Can Your Employees Push Back? 3 Steps to Handle a Crisis Like a Fighter Pilot. People Crave Autonomy More Than Any Perk. How to Be Happier at Work: 10 Tips. Happiness--in your business life and your personal life--is often a matter of subtraction, not addition.
Consider, for example, what happens when you stop doing the following 10 things: 1. Blaming. A marriage in supercomputing land: Cray acquires Appro for $25 million in cash. 9 November '12, 12:40pm Follow Two super-duper computing firms are to become one as Cray today announced that it has agreed to purchase Appro International, a privately-held developer of ‘scalable supercomputing solutions’, for approximately $25 million in cash.
The Timeless Strategic Value of Unrealistic Goals - Vijay Govindarajan. By Vijay Govindarajan | 10:00 AM October 22, 2012 Gary Hamel and C.K.
Prahalad’s 1989 HBR article “Strategic Intent” brought about a discontinuous shift in my career — from a professor of accounting to a researcher on strategy and innovation. As an idea, strategic intent is about setting a bold and ambitious goal, out of all proportion to a firm’s current resources and capabilities.
How to Minimize Your Biases When Making Decisions - Robert F. Wolf. By Robert F.
Wolf | 11:00 AM September 24, 2012 “There is always an easy solution to every human problem — neat, plausible, and wrong.” Little did he know it when he penned these words, but journalist H.L. Strategy & Planning Are Not Optional. The late Alex d'Arbeloff, founder of Teradyne, an electronics equipment supplier, introduced me to the term the "walking dead.
" At the time, I was working for a company he had invested in, one that he put into this category. He explained it like this: A "walking dead" company is one that brings in enough revenue to keep going but never enough to take off. Since then, I've come to understand how companies end up in this awful predicament. In a desire to stay afloat, they chase revenue, any revenue. That means they end up taking on work that isn't particularly strategic. Engagement Isn’t Enough. As leaders, we often miss critical indicators that can improve the likelihood of organizational and personal success.
Consider the ubiquitous employee satisfaction survey, which is usually administered once a year and, as long as the scores are respectable, crossed off the corporate must-do list. Typically, these surveys measure employee engagement levels. But as Adrian Gostick and Chester Elton explain in the excerpt below, that’s not enough.
They rightly contend that employee energy and enablement are as essential to high levels of performance as engagement. As I think back on projects that I have been associated with, it is clear that every success and failure was due not only to the level of engagement among team members but also to their energy level and the degree to which they felt enabled (or empowered) to achieve their goals. PACE Model for Cash Flow. In the first three articles, How to Weed Out Apathetic Employees, How to Silence Negative Employees, andHow to Keep the Momentum Going, we have been pretty hard on the team.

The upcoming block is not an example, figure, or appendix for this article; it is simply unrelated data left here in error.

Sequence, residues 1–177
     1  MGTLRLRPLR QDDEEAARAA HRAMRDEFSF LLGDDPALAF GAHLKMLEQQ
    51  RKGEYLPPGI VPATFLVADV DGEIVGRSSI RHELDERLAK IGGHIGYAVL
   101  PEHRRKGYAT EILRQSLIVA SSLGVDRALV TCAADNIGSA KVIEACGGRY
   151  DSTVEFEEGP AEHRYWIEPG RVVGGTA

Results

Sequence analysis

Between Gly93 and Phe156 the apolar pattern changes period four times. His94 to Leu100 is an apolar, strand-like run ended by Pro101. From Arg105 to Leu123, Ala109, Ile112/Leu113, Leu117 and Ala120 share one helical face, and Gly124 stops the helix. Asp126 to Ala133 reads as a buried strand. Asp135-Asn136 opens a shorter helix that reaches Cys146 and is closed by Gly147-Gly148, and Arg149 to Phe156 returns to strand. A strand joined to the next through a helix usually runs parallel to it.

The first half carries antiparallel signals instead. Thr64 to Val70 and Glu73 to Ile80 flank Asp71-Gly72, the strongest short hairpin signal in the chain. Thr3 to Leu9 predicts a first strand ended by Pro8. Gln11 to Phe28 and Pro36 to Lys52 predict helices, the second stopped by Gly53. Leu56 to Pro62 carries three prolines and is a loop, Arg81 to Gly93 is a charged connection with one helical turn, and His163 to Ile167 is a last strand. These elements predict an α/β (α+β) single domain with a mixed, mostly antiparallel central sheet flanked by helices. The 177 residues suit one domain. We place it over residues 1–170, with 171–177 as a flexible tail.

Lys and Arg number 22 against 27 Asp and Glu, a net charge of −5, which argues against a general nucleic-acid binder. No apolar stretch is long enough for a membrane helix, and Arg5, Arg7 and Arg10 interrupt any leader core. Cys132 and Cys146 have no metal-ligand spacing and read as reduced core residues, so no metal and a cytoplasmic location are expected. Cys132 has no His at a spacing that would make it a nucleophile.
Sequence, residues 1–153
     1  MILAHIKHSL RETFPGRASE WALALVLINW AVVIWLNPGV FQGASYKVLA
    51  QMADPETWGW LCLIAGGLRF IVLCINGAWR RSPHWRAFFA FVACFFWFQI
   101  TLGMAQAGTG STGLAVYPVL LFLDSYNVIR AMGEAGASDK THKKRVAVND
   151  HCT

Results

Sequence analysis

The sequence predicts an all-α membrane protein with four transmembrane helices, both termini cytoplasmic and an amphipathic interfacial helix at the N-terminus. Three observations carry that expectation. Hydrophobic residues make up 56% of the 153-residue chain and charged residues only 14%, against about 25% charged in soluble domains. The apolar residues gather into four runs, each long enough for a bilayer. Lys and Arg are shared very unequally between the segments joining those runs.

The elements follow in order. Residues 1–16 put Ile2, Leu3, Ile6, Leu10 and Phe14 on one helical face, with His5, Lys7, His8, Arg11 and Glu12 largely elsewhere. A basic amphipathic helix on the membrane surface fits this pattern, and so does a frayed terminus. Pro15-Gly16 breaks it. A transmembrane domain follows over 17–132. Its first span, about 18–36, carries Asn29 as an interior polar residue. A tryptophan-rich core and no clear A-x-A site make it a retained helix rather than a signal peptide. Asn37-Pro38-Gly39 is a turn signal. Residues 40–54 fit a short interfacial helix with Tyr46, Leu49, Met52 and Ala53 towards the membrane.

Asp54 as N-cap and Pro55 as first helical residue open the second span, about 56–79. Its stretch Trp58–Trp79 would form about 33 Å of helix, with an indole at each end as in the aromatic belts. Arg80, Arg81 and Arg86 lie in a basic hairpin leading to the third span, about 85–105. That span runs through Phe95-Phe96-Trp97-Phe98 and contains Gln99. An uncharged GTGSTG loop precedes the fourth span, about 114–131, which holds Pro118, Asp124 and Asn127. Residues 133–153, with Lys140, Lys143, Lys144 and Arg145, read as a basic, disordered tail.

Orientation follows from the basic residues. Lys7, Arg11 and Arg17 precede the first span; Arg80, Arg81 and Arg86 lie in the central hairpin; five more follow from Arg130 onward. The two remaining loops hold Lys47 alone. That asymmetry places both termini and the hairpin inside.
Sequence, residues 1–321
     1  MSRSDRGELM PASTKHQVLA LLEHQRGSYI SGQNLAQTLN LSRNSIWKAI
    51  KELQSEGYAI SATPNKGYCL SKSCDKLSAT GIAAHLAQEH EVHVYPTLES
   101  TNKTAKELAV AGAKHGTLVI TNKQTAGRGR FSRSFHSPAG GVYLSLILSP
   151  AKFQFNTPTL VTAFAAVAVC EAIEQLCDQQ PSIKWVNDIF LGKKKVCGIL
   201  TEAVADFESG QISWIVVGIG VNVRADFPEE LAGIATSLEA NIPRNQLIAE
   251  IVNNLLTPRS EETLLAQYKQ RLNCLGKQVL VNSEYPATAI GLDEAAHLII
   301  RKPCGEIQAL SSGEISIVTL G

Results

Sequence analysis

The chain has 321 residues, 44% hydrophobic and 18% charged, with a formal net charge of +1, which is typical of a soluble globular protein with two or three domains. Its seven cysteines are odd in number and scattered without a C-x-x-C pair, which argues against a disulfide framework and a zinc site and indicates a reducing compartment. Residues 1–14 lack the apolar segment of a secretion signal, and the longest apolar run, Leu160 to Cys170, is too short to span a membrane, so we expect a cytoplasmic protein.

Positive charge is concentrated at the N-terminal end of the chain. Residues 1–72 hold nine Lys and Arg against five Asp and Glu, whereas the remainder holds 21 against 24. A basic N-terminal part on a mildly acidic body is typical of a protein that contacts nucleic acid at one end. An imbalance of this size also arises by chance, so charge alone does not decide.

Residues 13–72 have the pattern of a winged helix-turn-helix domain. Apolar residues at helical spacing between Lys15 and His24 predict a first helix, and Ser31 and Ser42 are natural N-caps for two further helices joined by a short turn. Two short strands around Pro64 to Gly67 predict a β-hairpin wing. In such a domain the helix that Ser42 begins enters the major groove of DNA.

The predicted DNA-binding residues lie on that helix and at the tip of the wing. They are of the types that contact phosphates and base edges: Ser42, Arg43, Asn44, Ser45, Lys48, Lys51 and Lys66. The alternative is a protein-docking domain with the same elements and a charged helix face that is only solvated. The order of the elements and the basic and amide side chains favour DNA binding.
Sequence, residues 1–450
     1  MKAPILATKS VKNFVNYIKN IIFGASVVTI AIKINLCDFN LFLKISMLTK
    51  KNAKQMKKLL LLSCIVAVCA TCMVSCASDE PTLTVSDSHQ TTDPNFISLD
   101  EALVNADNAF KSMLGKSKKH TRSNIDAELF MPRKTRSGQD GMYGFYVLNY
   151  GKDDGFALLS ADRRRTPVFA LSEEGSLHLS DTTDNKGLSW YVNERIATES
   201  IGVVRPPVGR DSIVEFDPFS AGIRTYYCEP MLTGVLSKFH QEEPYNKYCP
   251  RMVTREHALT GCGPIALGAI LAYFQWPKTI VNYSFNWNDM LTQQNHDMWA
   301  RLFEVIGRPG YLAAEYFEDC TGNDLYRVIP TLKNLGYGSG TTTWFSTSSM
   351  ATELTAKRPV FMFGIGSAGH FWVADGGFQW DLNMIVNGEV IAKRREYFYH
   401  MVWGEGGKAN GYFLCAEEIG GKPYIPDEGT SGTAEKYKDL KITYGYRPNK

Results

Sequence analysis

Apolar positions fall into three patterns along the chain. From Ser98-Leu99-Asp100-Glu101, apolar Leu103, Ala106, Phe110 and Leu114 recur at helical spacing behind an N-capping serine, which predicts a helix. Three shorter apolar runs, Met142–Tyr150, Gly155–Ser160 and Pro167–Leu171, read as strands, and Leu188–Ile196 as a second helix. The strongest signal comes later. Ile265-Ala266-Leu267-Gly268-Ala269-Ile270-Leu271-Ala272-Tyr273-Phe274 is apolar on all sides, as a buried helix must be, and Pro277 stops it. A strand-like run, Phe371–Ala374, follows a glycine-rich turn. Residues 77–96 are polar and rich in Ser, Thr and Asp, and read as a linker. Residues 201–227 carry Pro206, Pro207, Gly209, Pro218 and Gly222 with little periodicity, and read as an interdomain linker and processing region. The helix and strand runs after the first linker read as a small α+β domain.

By now you may have brought in new talent as well as identified the talent that you want to keep. This next phase is tough. Remember that motivation comes from inside and as leaders all we can do is create an environment where people can motivate themselves. SimpleFeed - RSS Publishing and Feed Analytics for Marketing, eCommerce, Financial Services and Media & Publishing. Marginally subversive. I came across this slideshow on reception theory on SlideShare on Reception Theory.
And it was a very interesting, clear read. As a media planner, I have been exposed to a number of 'frameworks' that tried to explain how audiences access, process, and relate with information that they encounter about brands.
Things that will make you go hmmm. The state of planning 2010 - experimentalist. Finance. The 1% Rule. Sign in with Facebook Or use your Businessweek account Forgot password?
Already a Bloomberg.com user? Sign in with the same account. Don't have an account? Twenty Lies You'll Hear on a Job Interview: 11. "I'm Not the Principal Decision-Maker" If this statement comes from your hiring manager, ask yourself "Why the heck not?
" and if you’re feeling your oats that day, ask the question aloud as well. If your manager isn’t the principal decision-maker for his or her own new hires, you’ve been handed a huge red flag. A polite question to ask in response to this comment is "I’d love to hear more about the decision process. " Team interviewing is fine, but the person with the opening (and the budget) should hold the most votes. Twenty Lies You'll Hear on a Job Interview: 9. "We Don't Have Office Politics Here"